Slow and steady wins the race. But sometimes, isn't it kind of nice to burst through that finish line? That's where shameless marketing tactics come into play.
You know the ones -- they grab your attention, pique your interest, make it so you can't look away! It may make you feel a little grubby, but the fact is these things have worked for lots of brands, and when something works, it's hard to knock it too hard.
So here is a list of tried and true, totally shameless marketing tactics brands have applied to their marketing and advertising efforts to get visitors engaging with their content. I'm not saying you should implement all of these, but hey, next time your CMO gives you a tough traffic or leads goal ... at least you'll have some creative tricks in your back pocket!
1) Cute Animals
One day, the option appeared in my Foursquare account to include a picture of a puppy in my weekly emails.
I then started to receive emails from Foursquare with pictures of this nature at the end:
And for the first time, I actually started reading through these emails from Foursquare, even though those puppies have absolutely nothing to do with the brand.
Thing is, Foursquare started doing this because they picked up on a phenomenon that has worked well for many brands for some time -- make em say, "aww!" Take a look at Geico, for example. Even though car insurance relates in no way to cute animals, Geico has a track record of finding success in using animals to promote their car insurance. The Geico Gecko has become renowned for his role in the marketing and advertising industry, and following in his tracks were other talking animals including woodchucks and pigs. These commercials have been watched over 25 million times, more than any other car insurance company.
It extends beyond just cute brand mascots, too; laundry detergent brand Snuggle decided to not only name its product "Snuggle" (how cute is that?) but to create a fuzzy baby teddy bear, also named Snuggle, to represent its brand. The mascot was created in 1983 and has been used ever since to give its customers the message that by using the detergent, your clothing would be more comfortable. Snuggle is featured in all of their marketing and advertising campaigns and has proven to work for the company for almost 30 years.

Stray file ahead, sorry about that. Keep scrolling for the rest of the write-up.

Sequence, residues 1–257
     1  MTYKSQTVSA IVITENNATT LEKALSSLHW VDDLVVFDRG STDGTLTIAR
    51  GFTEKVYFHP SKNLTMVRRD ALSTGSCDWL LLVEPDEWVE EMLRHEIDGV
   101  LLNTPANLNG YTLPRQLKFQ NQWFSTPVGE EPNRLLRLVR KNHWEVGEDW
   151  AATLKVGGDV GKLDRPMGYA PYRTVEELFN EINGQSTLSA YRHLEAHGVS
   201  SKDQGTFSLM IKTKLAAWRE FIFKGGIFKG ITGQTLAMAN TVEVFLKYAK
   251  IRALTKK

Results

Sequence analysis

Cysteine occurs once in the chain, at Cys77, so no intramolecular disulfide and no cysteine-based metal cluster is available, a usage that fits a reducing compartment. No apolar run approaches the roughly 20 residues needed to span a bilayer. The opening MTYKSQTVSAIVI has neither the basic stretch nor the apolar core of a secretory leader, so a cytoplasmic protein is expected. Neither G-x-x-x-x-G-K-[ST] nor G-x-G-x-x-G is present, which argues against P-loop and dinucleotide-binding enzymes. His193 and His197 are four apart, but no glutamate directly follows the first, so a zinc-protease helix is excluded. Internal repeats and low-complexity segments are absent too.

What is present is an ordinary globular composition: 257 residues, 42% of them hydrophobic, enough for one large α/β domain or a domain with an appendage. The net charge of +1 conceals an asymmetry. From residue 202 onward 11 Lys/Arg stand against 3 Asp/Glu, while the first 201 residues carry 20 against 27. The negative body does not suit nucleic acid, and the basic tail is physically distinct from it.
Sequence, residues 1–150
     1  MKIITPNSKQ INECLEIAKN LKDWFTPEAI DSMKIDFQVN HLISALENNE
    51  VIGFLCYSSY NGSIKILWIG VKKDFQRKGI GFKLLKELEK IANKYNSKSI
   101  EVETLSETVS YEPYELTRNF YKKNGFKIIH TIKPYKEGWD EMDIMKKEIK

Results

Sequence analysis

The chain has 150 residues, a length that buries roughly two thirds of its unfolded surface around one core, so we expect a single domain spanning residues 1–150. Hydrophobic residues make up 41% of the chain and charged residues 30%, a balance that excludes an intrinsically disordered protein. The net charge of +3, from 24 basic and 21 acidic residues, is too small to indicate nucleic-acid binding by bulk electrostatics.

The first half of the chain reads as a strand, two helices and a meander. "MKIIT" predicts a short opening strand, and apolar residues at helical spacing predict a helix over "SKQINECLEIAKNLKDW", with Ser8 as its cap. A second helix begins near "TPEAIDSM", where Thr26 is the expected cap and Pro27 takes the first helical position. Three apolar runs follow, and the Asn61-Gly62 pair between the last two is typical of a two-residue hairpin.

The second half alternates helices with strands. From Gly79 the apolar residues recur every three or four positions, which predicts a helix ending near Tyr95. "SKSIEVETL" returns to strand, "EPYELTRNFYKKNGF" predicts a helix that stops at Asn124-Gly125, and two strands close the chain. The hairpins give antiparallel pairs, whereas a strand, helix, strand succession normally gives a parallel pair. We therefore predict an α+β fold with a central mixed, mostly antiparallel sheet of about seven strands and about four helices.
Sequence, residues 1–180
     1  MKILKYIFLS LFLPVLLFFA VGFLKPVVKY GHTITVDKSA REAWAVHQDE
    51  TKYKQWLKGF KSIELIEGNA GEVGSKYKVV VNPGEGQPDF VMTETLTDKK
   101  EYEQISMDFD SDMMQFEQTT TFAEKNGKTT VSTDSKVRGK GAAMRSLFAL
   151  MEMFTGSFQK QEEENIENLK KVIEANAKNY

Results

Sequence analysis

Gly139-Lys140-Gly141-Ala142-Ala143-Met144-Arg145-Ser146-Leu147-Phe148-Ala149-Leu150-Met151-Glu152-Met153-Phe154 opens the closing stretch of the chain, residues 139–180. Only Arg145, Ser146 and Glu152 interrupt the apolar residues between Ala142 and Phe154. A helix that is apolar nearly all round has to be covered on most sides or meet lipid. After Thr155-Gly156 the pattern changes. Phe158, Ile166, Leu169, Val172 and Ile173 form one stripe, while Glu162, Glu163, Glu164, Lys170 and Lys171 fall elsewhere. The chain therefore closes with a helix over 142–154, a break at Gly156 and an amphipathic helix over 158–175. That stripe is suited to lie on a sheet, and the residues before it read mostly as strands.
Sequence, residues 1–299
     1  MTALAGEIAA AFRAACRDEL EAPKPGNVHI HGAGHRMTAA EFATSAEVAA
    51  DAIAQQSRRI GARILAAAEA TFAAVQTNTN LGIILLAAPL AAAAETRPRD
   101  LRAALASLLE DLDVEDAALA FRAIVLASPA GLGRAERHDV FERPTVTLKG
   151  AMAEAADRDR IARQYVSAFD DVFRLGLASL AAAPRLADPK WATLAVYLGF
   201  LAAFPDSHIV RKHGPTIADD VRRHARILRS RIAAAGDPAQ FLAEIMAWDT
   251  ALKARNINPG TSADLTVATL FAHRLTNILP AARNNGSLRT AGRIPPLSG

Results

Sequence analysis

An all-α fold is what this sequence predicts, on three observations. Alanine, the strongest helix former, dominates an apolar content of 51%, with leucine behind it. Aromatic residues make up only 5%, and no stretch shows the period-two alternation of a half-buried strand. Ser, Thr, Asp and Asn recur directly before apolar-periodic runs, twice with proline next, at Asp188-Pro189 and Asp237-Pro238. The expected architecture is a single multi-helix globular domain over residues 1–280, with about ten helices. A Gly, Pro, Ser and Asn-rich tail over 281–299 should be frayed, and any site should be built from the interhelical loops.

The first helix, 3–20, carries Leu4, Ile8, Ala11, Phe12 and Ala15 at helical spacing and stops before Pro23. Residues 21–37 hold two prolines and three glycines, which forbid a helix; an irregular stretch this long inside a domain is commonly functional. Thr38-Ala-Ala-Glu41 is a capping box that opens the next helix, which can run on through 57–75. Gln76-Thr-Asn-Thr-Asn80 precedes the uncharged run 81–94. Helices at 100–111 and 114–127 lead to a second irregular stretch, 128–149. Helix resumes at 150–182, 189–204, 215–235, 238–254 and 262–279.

Using numbers in the headlines of your content is a tried and true way to get more clicks than the average snuggly bear. However, the numbers that really work are the ones that make your readers do a double take. Think about it -- 75 ways to get leads from Twitter is much more appealing than 3 measly methods; I mean, who couldn't come up with 3 ways to get leads on Twitter? Big whoop! Including adjectives like "shocking," "unpredictable," or "crazy" only help amplify this effect.
We use this tactic in our blog posts all the time. Just take a look at one of our blog posts LinkedIn 277% More Effective for Lead Generation Than Facebook & Twitter [New Data]. Whoa, 277% more effective? That's ... a lot more effective. And you know what? That blog post has received over 33,000 views and triple digit inbound links. We use it in our ebooks, too, to show that we're being comprehensive. Or look at our latest ebook, 55 Brands Rocking Social Media With Visual Content. In just one day it received over 2300 views ... just one day! Think about if we'd just given you 5 or 10 brands that use visual content on social media; how inspirational would that really be?
Similar to cute animals, many brands have seen success using cute babies as a way to market themselves. Remember the Coppertone Water Babies? They put that baby on all of their products to appeal to mothers who loved their cuddly little buggers. And for the rest of us, it gives us a feeling a comfort that many marketers want their audience to feel.
But the Coppertone association with babies makes sense; what about the brands that leverage cute little babies when it doesn't directly relate to their product? Enter Evian! Take a llook at this video, which was viewed over 56 million times and became known as one of the most successful brand campaigns ever. Even though cute babies don't correlate with water, they made sure that their brand was prominent throughout the commercial to retain brand awareness.